There are several steps involved in obtaining a divorce. In Pennsylvania, the dissolution process can vary, depending on whether both spouses agree to the divorce. Sometimes after the paperwork is filed, new facts come to light or problems surface, resulting in a dismissed case and the need to refile the divorce paperwork. Understanding the divorce process in Pennsylvania can help minimize any delays in getting your divorce.
Paperwork for Divorce
The state of Pennsylvania will grant a no-fault divorce based on mutual consent or following a two-year separation. If it's a divorce based on mutual consent, you must start the divorce process by filing a Complaint for Divorce and serve the complaint on your spouse. In Pennsylvania, you can serve divorce papers by certified mail or process server. After a mandatory 90-day waiting period has passed, both spouses must then submit an Affidavit of Consent and Waiver of Notice of Intention to Request Entry of Divorce Decree. Once received, the judge can grant the divorce. A divorce based on a two-year separation also requires that you file and serve the complaint along with an affidavit indicating that you and your spouse have met the two-year separation requirement. You then have to file a Notice of Intention to Request Entry of Divorce Decree.
Reasons to Refile
You might want to refile a divorce complaint if the other party decides he will not sign the affidavit of consent after saying he would. In this case, you must file a motion to dismiss the case and wait out the two-year separation requirement before refiling – or file immediately on fault grounds, such as adultery, if appropriate. You can also refile on fault grounds if you simply decide you want to avoid the 90-day waiting period.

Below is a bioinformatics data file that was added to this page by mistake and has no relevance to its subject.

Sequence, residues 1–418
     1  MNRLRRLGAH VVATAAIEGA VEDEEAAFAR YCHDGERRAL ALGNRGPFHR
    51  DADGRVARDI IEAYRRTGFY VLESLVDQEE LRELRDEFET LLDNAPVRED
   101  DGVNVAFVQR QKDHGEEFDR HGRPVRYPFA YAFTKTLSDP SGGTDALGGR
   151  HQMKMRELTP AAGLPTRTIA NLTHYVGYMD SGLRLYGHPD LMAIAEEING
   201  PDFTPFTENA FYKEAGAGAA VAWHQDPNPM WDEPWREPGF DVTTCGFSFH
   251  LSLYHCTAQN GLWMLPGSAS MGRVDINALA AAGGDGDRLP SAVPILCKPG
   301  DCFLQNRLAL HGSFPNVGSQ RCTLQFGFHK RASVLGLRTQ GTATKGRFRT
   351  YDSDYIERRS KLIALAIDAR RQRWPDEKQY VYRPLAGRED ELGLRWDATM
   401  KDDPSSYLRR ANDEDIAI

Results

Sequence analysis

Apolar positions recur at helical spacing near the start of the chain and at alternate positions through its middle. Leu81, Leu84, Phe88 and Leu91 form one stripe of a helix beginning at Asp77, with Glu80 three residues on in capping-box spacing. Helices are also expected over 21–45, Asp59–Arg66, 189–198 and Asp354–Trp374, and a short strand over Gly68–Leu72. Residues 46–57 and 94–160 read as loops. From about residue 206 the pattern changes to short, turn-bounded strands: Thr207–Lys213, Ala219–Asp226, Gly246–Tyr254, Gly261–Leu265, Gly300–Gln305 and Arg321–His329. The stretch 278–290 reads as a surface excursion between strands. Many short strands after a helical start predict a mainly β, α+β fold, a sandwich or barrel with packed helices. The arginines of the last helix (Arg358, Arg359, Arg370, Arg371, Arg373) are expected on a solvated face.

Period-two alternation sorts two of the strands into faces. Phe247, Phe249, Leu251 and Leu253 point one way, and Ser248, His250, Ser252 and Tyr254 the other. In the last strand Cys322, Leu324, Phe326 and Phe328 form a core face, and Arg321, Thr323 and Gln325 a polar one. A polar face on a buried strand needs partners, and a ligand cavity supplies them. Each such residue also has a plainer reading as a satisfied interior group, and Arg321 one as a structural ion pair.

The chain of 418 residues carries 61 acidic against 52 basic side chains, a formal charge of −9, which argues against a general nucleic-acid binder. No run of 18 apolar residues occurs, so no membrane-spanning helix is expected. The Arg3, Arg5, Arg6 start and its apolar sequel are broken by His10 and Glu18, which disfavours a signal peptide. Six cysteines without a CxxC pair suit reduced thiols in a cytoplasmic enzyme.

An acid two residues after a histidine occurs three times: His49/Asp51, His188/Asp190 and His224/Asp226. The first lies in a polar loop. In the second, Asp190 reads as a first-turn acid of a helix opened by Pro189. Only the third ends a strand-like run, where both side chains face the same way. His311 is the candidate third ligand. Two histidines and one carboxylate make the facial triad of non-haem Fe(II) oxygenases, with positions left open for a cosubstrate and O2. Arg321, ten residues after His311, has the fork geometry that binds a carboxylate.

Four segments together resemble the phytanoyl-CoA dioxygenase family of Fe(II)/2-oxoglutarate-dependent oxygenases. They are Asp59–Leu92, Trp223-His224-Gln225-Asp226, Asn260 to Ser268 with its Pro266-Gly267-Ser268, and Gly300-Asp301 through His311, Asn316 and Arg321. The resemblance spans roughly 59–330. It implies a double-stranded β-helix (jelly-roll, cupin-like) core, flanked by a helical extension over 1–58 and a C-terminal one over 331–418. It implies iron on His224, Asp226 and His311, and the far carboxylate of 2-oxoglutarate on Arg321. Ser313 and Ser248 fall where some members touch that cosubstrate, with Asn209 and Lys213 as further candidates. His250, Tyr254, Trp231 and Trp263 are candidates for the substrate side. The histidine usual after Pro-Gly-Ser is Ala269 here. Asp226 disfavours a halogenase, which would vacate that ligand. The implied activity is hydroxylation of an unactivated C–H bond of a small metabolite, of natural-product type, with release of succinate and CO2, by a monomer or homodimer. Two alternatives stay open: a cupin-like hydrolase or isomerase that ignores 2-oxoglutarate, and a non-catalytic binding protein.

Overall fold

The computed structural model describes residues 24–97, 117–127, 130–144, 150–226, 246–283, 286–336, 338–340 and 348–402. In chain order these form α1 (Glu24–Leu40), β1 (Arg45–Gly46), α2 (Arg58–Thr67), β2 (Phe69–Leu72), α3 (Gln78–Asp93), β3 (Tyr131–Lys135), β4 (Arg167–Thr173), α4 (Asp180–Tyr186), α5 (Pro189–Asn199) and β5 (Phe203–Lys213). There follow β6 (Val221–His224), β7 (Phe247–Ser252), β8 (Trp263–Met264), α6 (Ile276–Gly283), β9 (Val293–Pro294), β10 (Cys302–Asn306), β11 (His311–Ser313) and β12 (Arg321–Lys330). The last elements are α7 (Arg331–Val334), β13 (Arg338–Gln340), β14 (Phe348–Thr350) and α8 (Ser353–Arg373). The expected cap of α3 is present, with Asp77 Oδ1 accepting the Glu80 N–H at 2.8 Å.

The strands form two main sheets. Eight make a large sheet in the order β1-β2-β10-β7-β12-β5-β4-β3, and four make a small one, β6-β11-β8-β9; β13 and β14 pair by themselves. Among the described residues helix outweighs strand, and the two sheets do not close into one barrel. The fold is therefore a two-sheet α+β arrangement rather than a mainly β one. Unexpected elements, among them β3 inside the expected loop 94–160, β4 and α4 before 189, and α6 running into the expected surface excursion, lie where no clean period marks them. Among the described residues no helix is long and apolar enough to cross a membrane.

There are certain instances in which the court is likely to dismiss your case, which would result in your having to refile. If you file for a divorce based on mutual consent and there are allegations of coercion or fraud concerning your spouse's signature on the consent affidavit, it's probable that the court will dismiss the case. If after waiting two years for divorce, your spouse files a counter affidavit, stating that you weren't separated for two years, the court might dismiss the case unless you can show proof of separation, such as the testimony of witnesses or proof of maintaining another residence. Further, if you don't meet certain requirements, or follow the divorce procedure as provided by Pennsylvania law, the court will dismiss the case. For example, if you didn't serve your spouse properly or within the required time period, your spouse can motion to have the case dismissed. The court can also dismiss a case if neither party met the required six-month residency requirement at the time of filing. Once one party meets the residency requirement, you can refile.
In Pennsylvania, there is no difference in the filing procedure the second time around. However, the court does request that the parties provide notice as to whether there have been any previous legal actions between them. You simply have to indicate this information on the appropriate line on your complaint. In addition, once a case is dismissed, refiling is treated as an entirely new lawsuit, which means you'll have to pay another filing fee.